About a year ago, I listed off the best free-to-play titles on the market. To the surprise of no one, including me, that turned out to be a contentious topic. And I can understand why because there are games on that list that are great games, even spectacular games, that might fail your personal criteria. There’s more to a game’s value than just “how good is the game” when it comes to MMOs; you also have to ask what games are giving you the best value for your money.
Value is, of course, a nebulous concept as well. But in loose terms, value is all about the bang for your buck. How much do you get for dropping money on the game? How much is there to spend money on? If the game is free-to-play, how long will it be before it asks you for money? If it’s buy-to-play or subscription-based, how much are you getting for that purchase?
But it’s still a more diverse and solid metric than just the vagueness of “best free-to-play.” So here are the games with the best value at the end of 2016.
1. Final Fantasy XIV
Subscription MMOs have really gone the way of the dodo, which kind of makes sense; as there are more free-to-play options, the pressure on your game to also be free increases, especially as your competition approaches the limit of “everything else in the entire world.” In order to justify a subscription cost at this point, you need to have regular, meaty updates on a reliable schedule, solid development communication, and high production values.
Final Fantasy XIV hits all of these points consistently, and that means that if you want to subscribe, there’s no finer option on the market. It’s a game that still persists with an outdated model as if no one told it that the market had moved on, and it keeps making money (and lots of it) by doing everything that model should provide for a game. So it’s good value for your monthly money.
2. Guild Wars 2
Several elements of Guild Wars 2 turn me off from the game, but let’s be real here – you get a whole lot of game from this title for free. That always ups the value of a game in my eyes, especially when the game is supported by cash shop cosmetics that do not diminish the amount of other cosmetics in the game and buying expansion packs. It’s possibly slightly less value than its predecessor was when it was being actively updated, but that’s splitting hairs, isn’t it?
You could even argue, as the wise and similarly frugal Ms. Royce does, that you really don’t need Heart of Thorns all that much unless you just have to have gliding and the latest living world. It also assumes you don’t want to play a Revenant, which is my favorite class in the game. Life is a cavalcade of contradictions.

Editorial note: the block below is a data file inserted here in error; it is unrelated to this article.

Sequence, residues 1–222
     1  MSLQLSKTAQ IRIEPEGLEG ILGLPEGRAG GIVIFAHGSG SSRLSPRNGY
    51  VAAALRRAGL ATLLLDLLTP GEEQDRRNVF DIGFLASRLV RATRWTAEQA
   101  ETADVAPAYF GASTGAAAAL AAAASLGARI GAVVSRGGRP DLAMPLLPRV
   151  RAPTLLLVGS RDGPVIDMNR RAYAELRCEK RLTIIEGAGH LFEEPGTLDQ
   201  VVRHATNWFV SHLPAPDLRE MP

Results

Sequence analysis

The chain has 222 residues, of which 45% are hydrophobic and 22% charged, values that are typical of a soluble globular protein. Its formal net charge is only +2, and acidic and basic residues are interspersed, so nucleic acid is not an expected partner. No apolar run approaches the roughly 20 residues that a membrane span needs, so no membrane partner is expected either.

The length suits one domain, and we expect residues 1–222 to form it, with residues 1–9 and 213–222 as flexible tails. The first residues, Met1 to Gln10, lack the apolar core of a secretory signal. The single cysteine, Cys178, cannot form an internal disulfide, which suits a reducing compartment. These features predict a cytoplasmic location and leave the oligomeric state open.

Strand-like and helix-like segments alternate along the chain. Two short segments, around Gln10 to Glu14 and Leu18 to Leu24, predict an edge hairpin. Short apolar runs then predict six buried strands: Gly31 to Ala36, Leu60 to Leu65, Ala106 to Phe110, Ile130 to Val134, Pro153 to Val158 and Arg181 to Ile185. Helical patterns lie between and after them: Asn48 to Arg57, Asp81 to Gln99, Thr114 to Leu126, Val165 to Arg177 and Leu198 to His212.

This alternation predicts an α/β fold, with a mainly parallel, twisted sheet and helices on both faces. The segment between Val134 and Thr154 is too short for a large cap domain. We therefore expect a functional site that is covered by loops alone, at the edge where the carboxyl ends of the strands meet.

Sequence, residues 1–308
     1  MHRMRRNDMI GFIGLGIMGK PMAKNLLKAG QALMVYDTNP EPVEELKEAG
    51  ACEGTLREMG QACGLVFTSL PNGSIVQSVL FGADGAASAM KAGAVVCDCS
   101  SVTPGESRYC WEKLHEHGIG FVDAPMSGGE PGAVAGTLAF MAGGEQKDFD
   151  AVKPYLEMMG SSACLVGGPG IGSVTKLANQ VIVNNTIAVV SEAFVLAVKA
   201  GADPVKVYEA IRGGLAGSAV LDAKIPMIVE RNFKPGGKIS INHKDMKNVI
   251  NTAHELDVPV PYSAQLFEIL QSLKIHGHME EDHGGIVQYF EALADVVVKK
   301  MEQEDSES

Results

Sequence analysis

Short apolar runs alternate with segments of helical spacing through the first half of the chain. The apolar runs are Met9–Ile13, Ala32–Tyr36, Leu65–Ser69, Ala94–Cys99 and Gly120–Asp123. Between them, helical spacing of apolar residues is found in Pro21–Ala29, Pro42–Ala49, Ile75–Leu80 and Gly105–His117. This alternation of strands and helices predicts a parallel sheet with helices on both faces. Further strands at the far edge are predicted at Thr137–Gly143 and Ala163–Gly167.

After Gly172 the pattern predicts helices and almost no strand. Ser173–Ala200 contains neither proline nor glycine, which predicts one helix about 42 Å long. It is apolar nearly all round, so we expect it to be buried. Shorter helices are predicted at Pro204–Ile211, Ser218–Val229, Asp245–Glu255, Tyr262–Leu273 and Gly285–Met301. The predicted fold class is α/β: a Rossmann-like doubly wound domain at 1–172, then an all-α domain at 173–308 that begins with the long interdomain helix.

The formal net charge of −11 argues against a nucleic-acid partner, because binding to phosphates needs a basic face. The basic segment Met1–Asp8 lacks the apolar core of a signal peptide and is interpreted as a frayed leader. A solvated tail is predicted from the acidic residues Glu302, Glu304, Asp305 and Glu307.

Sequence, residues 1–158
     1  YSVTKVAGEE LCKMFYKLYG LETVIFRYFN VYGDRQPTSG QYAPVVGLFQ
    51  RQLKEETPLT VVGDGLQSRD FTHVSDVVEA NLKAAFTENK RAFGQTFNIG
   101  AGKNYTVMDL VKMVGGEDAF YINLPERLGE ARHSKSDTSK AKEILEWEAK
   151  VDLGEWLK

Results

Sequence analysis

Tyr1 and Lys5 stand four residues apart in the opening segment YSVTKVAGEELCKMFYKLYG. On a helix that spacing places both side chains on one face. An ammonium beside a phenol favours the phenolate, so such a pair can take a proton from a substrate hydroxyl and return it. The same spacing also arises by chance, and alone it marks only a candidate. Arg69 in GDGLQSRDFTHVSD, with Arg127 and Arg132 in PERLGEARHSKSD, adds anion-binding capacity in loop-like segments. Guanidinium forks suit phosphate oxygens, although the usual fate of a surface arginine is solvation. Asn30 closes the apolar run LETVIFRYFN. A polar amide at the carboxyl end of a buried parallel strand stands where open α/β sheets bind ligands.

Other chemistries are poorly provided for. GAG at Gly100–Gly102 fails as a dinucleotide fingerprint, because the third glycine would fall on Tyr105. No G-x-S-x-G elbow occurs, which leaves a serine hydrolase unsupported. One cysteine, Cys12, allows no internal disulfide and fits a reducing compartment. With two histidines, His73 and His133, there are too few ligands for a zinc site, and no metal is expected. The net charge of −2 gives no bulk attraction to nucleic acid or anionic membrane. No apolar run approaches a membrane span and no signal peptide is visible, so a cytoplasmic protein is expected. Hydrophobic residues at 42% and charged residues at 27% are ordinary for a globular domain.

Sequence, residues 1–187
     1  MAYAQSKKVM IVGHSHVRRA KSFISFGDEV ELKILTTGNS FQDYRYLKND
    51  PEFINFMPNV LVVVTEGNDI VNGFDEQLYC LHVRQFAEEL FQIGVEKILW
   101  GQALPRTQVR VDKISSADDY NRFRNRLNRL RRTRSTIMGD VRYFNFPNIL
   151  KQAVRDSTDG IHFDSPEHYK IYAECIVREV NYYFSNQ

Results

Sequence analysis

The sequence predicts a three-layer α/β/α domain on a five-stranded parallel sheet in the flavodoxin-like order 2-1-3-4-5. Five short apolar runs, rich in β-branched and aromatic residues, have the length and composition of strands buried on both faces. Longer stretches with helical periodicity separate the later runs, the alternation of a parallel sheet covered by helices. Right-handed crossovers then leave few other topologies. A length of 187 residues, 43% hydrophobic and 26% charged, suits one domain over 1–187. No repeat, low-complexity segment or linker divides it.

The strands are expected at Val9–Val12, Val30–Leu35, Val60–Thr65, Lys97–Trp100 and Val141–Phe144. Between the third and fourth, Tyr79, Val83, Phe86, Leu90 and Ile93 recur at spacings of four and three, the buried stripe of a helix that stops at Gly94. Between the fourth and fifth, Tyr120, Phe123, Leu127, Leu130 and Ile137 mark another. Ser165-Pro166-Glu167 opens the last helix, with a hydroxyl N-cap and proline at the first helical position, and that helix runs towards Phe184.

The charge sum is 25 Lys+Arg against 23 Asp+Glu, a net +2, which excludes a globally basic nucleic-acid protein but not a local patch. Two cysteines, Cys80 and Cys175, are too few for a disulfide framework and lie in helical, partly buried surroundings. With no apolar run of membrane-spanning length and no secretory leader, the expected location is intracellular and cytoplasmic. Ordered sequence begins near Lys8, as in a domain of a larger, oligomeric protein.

3. DC Universe Online
I like hybrid business models, on a whole. DC Universe Online also does the hybrid thing that I quite like, where you can buy things piecemeal or just subscribe to get the whole shebang right out of the gate. Even if you choose to just go in for free, though, there is a whole lot of meat to this game, and the game will rarely stop to tell you that “there’s no way you can play this game without dropping money.” It might make you want to buy things, but it will rarely if ever force you to buy things.
4. The Elder Scrolls Online
Most of what I said about DCUO also goes for The Elder Scrolls Online, although I will note that those lockboxes are not endearing. You get a one-notch demerit for that, ESO. Still great value, but you are being outranked by DCUO just for those new lockboxes. Let that be a lesson to… well, whoever’s counting.
5. Marvel Heroes
It’s hard for me not to give a nod to Marvel Heroes when lists like this come up because even though I don’t particularly adore it, there’s a transparency and a clarity to what it offers that you just don’t get in a lot of other places. You have a plethora of heroes; some of them cost money if you want to be sure to get just the one you want. There are lots of other things you can just straight-up buy, but that’s almost always optional. You’re never made to feel as if you’re on the back foot if you’re being cheap.
Plus, if you like the Diablo-style smash-and-loot gameplay, it’s pretty good at providing exactly that.
6. Path of Exile
Look, I don’t understand Path of Exile’s business model. At all. Specifically, I don’t understand it because it seems to be “give away huge amounts of content totally for free, occasionally politely ask for money without holding anything hostage.” Perhaps I’m completely wrong, but that’s how it looks from the outside, and I’m happy to say that it seems to be working.